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Tom Stewart looks for a target through the downpour last Saturday at Dartmouth.
Tom Stewart looks for a target through the downpour last Saturday at Dartmouth. By Timothy R. O'Meara
By Jack Stockless, Crimson Staff Writer

Imagine for a moment that you’re driving into New Hampshire’s White Mountains. Palatable fall temperatures have plummeted into the mid-30s, and to make matters worse, freezing rain is in the forecast. The rain pelts the road and smacks the windshield.

You see taillights ahead, then hazard lights. “Why are these people being this cautious?” you wonder. “The roads won’t freeze at this temperature.”

Not two minutes later, you feel your wheels slip out from underneath you. Luckily you don’t skid off the road, but you realize you could just as easily have ended up in a roadside ditch.

I use this story to open up this week’s Around the Ivies because—if you’ve been paying any attention recently—my Ivy League football picks have belonged in a ditch for a couple of weeks now. At this point, they’re realistically buried there with no true hope of escape, especially since the season is almost over.

If you choose to read on, fasten your seatbelts, throw on your flashers, and stay far, far away from that roadside ditch.


According to The Daily Pennsylvanian, Penn alumnus and Tesla and SpaceX CEO Elon Musk has plans to open a high-speed transit tunnel in December. The tunnel will span approximately two miles and will be located near the SpaceX campus in Hawthorne, Calif.

On that note, I think Musk should consider coming back to the East Coast and opening up a transportation hub here. Sure, you can buy a train ticket to New York or plane ticket to Philadelphia, but there would be nothing quite like a 600-mph, $1 train ticket to Cornell or Dartmouth.

The Quakers won’t get to test Musk’s new system this weekend when they travel to western New York. Travel shouldn’t play much of a factor in this one, however.

Penn by 7.5



No, that’s not a score coming from the women’s rugby team. Last week, Princeton delivered a smackdown on Cornell, a team that bested Harvard nearly a month ago. The Big Red fell behind, 45-0, at halftime and failed to make any progress chipping into the Tigers’ nine-touchdown and a field goal lead.

This is easily the biggest game of the season. Each team is undefeated overall and in league play, and they stand head and shoulders above the competition. Whichever squad prevails sets itself up nicely to take the conference championship.

With that said, this is also easily my biggest pick of the season. My reputation quite honestly lies in limbo. With a correct pick, I cement my legacy as one of the greatest prognosticators of Ivy League football. Of. All. Time. With a miss, however, my career goes down in flames, tarnished like the New York Yankees’ hopes of getting out of the first round against the Red Sox.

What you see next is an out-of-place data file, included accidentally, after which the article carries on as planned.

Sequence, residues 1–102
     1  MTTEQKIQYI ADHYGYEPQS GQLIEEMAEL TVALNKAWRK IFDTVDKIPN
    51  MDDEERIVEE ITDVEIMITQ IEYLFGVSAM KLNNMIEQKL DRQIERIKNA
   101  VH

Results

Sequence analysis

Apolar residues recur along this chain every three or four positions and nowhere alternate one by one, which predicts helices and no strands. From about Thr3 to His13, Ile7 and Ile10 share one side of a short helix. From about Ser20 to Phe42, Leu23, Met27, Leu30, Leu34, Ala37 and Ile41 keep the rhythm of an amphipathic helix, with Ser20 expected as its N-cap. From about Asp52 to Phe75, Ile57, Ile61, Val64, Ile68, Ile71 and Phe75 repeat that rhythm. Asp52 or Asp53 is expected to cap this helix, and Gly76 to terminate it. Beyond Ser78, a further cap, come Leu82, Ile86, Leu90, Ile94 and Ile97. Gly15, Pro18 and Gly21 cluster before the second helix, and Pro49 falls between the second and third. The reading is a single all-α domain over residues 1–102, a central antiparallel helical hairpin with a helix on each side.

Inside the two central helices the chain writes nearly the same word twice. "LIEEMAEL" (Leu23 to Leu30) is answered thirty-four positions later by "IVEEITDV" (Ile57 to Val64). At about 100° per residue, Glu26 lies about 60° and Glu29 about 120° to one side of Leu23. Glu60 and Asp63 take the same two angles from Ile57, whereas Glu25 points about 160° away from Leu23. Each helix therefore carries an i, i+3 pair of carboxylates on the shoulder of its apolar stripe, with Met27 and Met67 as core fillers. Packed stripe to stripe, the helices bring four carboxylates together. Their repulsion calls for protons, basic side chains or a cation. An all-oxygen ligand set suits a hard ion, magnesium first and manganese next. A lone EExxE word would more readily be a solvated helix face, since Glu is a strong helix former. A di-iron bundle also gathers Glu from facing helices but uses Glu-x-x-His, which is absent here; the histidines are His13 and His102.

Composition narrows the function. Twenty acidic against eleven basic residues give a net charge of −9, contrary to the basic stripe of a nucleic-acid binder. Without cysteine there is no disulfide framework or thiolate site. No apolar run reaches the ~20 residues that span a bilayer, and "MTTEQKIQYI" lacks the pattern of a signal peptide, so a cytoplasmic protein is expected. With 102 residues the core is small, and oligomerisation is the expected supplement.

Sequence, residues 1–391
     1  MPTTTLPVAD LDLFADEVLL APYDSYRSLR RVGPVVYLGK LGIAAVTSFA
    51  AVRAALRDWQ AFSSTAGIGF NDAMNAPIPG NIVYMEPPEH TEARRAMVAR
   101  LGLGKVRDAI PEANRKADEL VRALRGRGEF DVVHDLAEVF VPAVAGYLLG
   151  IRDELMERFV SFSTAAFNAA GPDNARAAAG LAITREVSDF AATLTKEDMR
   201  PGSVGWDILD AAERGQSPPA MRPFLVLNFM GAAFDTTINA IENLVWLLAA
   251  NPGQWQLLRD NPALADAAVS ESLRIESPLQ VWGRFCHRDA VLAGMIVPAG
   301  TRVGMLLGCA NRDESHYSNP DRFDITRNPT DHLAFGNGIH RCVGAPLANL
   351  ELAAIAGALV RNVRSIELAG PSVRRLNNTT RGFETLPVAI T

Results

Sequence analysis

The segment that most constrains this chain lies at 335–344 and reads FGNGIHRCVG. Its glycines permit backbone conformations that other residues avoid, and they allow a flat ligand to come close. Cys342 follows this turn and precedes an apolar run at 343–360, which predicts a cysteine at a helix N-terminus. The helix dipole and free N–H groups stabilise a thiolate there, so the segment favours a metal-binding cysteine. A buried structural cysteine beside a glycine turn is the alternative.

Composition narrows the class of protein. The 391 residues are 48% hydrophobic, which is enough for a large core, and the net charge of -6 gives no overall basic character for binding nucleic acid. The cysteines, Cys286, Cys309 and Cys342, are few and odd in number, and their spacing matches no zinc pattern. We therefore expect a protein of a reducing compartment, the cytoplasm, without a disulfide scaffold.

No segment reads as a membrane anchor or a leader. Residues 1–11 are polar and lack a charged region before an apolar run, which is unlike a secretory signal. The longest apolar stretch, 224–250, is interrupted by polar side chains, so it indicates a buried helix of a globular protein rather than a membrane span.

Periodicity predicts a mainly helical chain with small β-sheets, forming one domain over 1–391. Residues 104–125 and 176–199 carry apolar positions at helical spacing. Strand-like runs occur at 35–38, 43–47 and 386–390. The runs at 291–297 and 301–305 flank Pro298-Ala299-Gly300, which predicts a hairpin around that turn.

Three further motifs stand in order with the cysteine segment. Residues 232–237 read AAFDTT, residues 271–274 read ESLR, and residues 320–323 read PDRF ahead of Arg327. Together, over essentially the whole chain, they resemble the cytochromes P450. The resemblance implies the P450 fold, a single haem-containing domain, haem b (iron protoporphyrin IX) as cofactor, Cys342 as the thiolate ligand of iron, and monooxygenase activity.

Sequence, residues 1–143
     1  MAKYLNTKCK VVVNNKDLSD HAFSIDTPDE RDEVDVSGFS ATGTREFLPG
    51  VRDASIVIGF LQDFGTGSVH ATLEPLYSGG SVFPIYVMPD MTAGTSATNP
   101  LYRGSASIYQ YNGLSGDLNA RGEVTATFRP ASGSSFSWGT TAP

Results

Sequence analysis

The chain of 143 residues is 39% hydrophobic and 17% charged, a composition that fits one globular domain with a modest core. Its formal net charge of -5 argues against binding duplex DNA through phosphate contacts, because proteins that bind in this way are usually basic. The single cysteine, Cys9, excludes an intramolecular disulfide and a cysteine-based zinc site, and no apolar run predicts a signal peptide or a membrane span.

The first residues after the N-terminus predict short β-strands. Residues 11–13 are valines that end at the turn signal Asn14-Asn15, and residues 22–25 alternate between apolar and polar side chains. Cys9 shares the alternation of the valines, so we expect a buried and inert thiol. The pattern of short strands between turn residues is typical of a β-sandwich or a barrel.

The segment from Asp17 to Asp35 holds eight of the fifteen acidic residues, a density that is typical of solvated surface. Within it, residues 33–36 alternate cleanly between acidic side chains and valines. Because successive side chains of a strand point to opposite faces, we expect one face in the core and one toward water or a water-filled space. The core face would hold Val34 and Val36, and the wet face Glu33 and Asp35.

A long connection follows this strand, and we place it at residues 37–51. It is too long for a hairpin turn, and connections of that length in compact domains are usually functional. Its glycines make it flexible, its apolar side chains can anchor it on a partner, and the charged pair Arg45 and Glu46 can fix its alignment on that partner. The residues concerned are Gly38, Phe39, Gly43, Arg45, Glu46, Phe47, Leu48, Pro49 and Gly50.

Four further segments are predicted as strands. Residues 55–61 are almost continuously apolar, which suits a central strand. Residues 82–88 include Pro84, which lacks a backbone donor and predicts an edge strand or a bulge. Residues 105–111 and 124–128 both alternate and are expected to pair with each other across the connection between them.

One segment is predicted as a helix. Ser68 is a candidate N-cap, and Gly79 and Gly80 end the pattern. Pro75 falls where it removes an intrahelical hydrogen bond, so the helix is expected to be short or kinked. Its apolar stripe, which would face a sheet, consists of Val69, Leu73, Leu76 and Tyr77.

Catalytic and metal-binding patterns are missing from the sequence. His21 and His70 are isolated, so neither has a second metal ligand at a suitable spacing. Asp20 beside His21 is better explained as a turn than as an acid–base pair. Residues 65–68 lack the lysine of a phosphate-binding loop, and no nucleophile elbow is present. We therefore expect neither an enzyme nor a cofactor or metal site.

Drum roll, please.

Princeton, pick ’em


I think I was wrong about Brown.

My co-writer may still have hope, but I just don’t think this is the Bears’ year. At 0-4 in league play, they still have an outside shot at respectability, but after this weekend against Yale, that will likely prove unsalvageable. After picking Brown to win several games that resulted in opposing teams blowing out the Bears, I am officially DONE. I’m off the Brown bandwagon.

Yale by 9.5


Owing to a trip to Fenway Park to take on Yale in just over two weeks, this is Harvard’s last true home game of the season. In keeping with the tradition of a team’s last contest on its home turf, the Crimson will celebrate its seniors before the game. However, this matchup coincides with First Year Family Weekend, a fitting time for freshmen to reflect on their first few months in Cambridge as well as the years ahead.

I joined The Crimson’s Sports staff my first semester on campus and began covering the football team during my sophomore fall. As I find myself on my way out, I’ll reflect on what I have learned by taking in the last three seasons of Ivy League football.

I have learned that Columbia may be doomed for all eternity. I have learned that Brown may be in the same predicament.

I have learned that Penn is trying to hold its own in the battle for NFL supremacy. While Harvard currently boasts the most former football players that have advanced to the NFL ranks — led by a healthy dose of FitzMagic — the Quakers are gaining with the addition of the GOAT himself Justin Watson.

I have learned nothing about Princeton’s campus, as I missed out on Harvard’s trip to New Jersey in 2016 and the two teams have clashed in Boston for the past two seasons. However, I have learned that its football team is pretty decent.

I have learned never to doubt Cornell. Instilled with a contempt for Ithaca, N.Y., ever since I attended my first Sports board meeting, I have grown to appreciate the Ivy League’s arctic outpost and its team’s apparent ability to erase any Harvard lead, no matter how large or how much time is left on the clock.

Finally, I have learned that the game looks a lot different up in the press box than it does down in the concrete bleachers of Harvard Stadium. I have witnessed celebrations in both places — once favorable, as I found myself amid a roaring crowd in the Crimson’s riveting 14-13 win over Dartmouth in 2015, and once not so favorable, as Yale radio broadcasters broke the 100-decibel mark when the Bulldogs upset Harvard in 2017. Each setting has its advantages: in one, I am able to root openly for my school’s team, and in the other I get free food and get to avoid shattered panes of glass raining down on my head (looking at you, Dartmouth).

I think that covers just about everything.

Harvard by 9.5

—Staff writer Jack Stockless can be reached at

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